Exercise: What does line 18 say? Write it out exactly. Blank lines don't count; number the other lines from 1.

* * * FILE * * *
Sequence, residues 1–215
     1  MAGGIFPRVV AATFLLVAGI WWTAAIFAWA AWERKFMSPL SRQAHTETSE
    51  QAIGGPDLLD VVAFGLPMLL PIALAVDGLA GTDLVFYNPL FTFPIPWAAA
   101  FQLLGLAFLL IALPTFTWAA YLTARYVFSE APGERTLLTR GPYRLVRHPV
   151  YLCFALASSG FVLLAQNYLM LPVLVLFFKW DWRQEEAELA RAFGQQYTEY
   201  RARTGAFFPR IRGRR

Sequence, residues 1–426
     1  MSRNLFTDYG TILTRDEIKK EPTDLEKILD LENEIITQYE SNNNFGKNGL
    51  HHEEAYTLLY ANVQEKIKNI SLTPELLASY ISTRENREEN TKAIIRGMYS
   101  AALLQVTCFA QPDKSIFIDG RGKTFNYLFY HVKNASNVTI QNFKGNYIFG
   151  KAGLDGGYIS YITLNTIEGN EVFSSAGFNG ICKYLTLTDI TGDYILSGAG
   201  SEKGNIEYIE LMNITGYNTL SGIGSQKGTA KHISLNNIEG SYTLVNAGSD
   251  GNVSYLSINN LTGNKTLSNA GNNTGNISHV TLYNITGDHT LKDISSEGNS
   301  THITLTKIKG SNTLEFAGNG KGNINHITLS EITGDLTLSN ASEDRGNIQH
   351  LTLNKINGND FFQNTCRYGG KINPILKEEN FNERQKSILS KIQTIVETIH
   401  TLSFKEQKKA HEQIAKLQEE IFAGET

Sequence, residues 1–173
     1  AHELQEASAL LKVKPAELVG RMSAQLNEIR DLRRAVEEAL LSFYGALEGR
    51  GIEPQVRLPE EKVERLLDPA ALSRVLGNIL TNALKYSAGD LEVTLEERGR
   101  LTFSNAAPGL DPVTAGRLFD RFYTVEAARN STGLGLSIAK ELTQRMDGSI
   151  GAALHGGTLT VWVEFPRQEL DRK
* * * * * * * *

     1  AHELQEASAL LKVKPAELVG RMSAQLNEIR DLRRAVEEAL LSFYGALEGR